For long-term reductions in energy consumption, population decline counterbalances this problem nicely. The current momentum of population growth all but guarantees there won't be population declines for several decades. Those are precisely the decades during which humanity could make the easiest gains in energy efficiency. And just about when energy use is about as efficient as it can be in an imperfect world, human population could begin to shrink. That will remove much of the burden of squeezing additional water from the stone of a super-efficient global energy system. The need to reduce demand for fossil fuels will grow more urgent with each passing year as the global climate warms and the illusion of endless carbon-free energy gradually fades. And population decline reduces energy demand, all else equal, without any hardship for anyone.

This is a more sensible strategy than trying to turn icebergs into ice cubes, but that idea is at least innocuous. Other proposed Big Fixes-from genetic engineering to feed the hungry to nuclear energy to avoid toasting the planet-are dangerous. As a species, we're running out of resilience to stand the cures for what ails us. Increasing numbers of people in all walks of life and all corners of the world are starting to know this in their guts, if not necessarily to think it through in their heads. About the most appealing vision on the horizon is the likelihood that rapid human population growth soon will be something for the history books. Just when we can see the wall we're hurtling toward, we're braking our demographic growth through the realized intentions of hundreds of millions of women and their partners to have just one or two children, when and only when it suits them to do so.

Dreams of People Everywhere

... There are good reasons why the importance of population growth to the loss of nature is little studied and rarely remarked on. It's next to impossible to quantify or otherwise separate out the impact of demographic scale from the many other reasons the environment appears to be crumbling around us. But I suspect the larger problem is ignorance and the resulting hopelessness about population growth ("you can't stop people from having children") or, worse, the fear of blame.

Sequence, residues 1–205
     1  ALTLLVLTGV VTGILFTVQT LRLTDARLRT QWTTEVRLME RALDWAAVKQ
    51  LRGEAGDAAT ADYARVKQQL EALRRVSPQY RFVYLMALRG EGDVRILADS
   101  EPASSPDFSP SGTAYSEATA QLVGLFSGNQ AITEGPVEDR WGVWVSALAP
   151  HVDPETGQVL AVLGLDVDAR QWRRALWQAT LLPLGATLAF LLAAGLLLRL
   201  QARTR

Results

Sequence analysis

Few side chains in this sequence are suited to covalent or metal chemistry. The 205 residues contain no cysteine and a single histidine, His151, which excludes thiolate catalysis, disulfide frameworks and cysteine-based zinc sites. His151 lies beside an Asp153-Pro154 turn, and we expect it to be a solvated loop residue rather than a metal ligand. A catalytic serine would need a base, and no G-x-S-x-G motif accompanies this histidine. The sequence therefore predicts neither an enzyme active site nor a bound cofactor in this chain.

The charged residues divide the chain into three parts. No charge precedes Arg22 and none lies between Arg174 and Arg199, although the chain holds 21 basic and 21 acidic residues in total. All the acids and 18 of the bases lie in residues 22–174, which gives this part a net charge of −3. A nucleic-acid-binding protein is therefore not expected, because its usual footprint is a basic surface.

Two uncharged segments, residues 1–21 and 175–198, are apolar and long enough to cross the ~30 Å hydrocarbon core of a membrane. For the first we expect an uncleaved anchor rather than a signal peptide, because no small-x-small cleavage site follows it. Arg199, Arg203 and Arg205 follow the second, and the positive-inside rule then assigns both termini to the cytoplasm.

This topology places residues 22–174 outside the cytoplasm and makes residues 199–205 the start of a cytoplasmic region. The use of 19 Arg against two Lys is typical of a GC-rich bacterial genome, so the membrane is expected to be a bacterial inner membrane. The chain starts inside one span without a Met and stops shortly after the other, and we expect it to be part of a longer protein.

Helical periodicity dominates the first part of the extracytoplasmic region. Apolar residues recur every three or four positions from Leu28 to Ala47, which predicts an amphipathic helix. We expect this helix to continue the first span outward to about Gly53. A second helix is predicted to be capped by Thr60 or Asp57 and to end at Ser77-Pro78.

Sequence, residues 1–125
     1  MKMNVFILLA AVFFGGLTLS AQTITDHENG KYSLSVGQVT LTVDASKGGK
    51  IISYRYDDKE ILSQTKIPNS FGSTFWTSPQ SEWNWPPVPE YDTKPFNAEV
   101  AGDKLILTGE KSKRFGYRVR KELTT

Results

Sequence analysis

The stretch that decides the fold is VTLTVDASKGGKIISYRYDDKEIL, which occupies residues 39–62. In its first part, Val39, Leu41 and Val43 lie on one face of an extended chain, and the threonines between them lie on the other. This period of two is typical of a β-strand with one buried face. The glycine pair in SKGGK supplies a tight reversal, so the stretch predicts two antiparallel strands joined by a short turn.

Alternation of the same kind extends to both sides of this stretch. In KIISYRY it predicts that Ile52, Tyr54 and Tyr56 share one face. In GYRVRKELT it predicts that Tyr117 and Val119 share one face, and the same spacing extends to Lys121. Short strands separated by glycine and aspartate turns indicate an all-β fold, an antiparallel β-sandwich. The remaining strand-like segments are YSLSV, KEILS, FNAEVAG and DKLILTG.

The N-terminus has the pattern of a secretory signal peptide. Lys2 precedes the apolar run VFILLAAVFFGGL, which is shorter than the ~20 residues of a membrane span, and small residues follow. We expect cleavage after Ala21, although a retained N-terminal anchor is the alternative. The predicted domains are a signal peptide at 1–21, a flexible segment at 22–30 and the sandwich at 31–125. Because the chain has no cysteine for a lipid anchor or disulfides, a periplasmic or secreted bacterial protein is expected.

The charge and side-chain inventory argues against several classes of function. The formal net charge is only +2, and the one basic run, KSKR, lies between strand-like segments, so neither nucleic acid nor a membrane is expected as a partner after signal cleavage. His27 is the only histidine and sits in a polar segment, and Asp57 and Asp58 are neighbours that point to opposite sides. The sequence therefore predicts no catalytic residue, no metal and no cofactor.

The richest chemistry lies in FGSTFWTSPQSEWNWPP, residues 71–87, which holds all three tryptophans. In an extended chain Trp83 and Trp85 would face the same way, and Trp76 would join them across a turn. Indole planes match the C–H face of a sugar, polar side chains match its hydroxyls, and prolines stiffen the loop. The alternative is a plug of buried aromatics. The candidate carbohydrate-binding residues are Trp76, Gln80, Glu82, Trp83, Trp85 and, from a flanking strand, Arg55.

Who wants to be seen as implying that parents who have three or more children and want decent lives for them are somehow more at fault for our environmental problems than governments or corporations or drivers of sport utility vehicles? It's not that there's any compelling research absolving population growth as a long-term force in environmental degradation. It's just that researchers don't like to risk their reputations by appearing to hold prolific parents answerable for the sorry state of nature. "No demographer," demographer Donald Bogue wrote recently in challenging his colleagues to explore the social and environmental impacts of migration, "wants to be seen as a neo-nativist"-or even someone worried about population growth.

This is not only understandable, in many ways it's commendable. The history of science makes clear that we're in a far better place than we were in the nineteenth century, when some biologists backed up racism with dubious science. Most of us would rather err on the side of believing that every human being is of equal worth and has an equal right to direct her or his own life. The challenge is to maintain these convictions and yet objectively face the root causes of problems, striving to imagine ways to resolve them that are consistent with our values. Population is one realm where this is not only possible, but powerfully appealing-the success of a values-based strategy is already evident. Leave to women, more than to anyone else, the decision about when and how often to bear children. The history I've explored in this book suggests that doing so has moderated population growth in the past, and contemporary evidence makes clear that it does exactly that today.


Robert Engelman is vice president for programs at the Worldwatch Institute. Formerly vice president for research at Population Action International and founding secretary of the Society of Environmental Journalists, he has served on the faculty of Yale University. His writing has appeared in Nature, The Washington Post, and The Wall Street Journal.